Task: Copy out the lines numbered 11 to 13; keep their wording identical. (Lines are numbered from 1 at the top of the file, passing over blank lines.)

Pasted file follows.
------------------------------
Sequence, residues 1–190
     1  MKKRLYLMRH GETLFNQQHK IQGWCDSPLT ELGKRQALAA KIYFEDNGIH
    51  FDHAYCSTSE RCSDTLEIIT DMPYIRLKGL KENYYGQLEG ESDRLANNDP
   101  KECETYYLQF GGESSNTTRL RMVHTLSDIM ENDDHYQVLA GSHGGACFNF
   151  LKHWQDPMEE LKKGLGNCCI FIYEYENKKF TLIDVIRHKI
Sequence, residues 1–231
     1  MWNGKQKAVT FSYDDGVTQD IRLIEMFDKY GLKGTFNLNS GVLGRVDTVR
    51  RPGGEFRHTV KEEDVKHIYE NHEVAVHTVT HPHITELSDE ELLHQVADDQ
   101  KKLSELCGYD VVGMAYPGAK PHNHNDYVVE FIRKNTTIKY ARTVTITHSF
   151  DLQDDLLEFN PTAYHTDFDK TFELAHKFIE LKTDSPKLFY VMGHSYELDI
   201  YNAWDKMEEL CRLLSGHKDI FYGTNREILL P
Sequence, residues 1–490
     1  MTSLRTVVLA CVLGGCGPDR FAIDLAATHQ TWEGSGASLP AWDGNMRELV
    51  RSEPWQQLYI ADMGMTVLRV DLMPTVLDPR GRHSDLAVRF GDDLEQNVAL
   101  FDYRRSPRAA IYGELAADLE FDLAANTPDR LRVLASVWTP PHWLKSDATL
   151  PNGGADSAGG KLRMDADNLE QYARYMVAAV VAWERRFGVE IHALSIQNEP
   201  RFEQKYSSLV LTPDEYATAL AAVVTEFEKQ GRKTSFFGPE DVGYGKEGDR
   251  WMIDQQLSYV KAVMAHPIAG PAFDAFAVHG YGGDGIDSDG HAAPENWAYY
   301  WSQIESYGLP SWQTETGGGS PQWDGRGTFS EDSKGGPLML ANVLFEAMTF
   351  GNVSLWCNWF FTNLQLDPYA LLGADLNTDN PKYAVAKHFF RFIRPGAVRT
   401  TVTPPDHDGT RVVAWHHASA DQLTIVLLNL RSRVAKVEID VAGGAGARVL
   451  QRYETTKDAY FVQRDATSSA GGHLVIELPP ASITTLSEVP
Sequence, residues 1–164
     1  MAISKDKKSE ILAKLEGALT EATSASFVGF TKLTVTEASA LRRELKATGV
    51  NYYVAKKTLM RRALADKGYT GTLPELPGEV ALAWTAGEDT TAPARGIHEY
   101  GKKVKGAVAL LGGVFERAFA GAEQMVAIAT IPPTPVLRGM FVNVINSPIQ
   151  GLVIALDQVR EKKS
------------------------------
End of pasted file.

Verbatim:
   201  YNAWDKMEEL CRLLSGHKDI FYGTNREILL P
Sequence, residues 1–490
     1  MTSLRTVVLA CVLGGCGPDR FAIDLAATHQ TWEGSGASLP AWDGNMRELV